Objective: Antirheumatic treatment is frequently not appropriately modified, according to American College of Rheumatology guidelines, in patients with active rheumatoid arthritis (RA) as defined by a Disease Activity Score in 28 joints (DAS28) score greater than 3.2. The objective of this study was to determine which factors most strongly influence patients' and rheumatologists' decisions to escalate care.
Methods: We administered a Maximum Difference Scaling survey to 106 rheumatologists and 213 patients with RA. The survey included 58 factors related to the decision to escalate care in RA. Participants answered 24 choice tasks. In each task, participants were asked to choose the most important factor from a set of 5. We used hierarchical Bayes modeling to generate the mean relative importance score (RIS) for each factor.
Results: For rheumatologists, the 5 most influential factors were number of swollen joints (mean ± SD RIS 5.2 ± 0.4), DAS28 score (mean ± SD RIS 5.2 ± 0.5), physician global assessment of disease activity (mean ± SD RIS 5.2 ± 0.6), worsening erosions over the last year (mean ± SD RIS 5.2 ± 0.5), and RA disease activity now compared to 3 months ago (mean ± SD RIS 5.1 ± 0.6). For patients, the 5 most important factors were current level of physical functioning (mean ± SD RIS 4.3 ± 1.1), motivation to get better (mean ± SD RIS 3.5 ± 1.4), trust in their rheumatologist (mean ± SD RIS 3.5 ± 1.6), satisfaction with current disease-modifying antirheumatic drugs (mean ± SD RIS 3.4 ± 1.4), and current number of painful joints (mean ± SD RIS 3.4 ± 1.4).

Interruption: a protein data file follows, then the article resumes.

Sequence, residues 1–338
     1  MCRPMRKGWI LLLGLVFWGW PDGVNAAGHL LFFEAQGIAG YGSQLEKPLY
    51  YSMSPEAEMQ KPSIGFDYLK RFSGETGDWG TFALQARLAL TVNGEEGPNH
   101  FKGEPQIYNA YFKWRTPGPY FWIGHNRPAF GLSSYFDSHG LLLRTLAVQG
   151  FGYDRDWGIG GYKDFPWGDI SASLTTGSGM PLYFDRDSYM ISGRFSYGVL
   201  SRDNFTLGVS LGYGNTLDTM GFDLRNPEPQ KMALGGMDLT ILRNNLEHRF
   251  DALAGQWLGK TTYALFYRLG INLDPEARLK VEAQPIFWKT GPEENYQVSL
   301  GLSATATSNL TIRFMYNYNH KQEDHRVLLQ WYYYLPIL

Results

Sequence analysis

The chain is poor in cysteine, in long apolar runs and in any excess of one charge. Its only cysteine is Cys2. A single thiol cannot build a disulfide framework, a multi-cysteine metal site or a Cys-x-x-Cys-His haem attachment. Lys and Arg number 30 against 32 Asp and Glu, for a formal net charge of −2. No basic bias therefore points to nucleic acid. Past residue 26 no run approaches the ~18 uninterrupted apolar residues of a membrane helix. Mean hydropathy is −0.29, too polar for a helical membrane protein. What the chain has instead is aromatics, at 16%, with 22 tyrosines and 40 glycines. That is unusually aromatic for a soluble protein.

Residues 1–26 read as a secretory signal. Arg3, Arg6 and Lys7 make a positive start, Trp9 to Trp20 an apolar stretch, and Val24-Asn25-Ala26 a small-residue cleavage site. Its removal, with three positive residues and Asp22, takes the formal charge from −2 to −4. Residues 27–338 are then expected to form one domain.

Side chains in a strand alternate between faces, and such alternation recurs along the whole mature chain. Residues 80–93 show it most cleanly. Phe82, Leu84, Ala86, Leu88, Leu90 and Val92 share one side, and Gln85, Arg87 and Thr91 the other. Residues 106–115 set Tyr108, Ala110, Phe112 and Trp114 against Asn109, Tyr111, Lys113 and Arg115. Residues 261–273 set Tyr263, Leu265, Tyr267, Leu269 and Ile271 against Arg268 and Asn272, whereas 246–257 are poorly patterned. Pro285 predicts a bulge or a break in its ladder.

Conclusion: Factors influencing the decision to escalate care differ between rheumatologists and patients. Better communication between patients and their physicians may improve treatment planning in RA patients with active disease.
Copyright © 2011 by the American College of Rheumatology.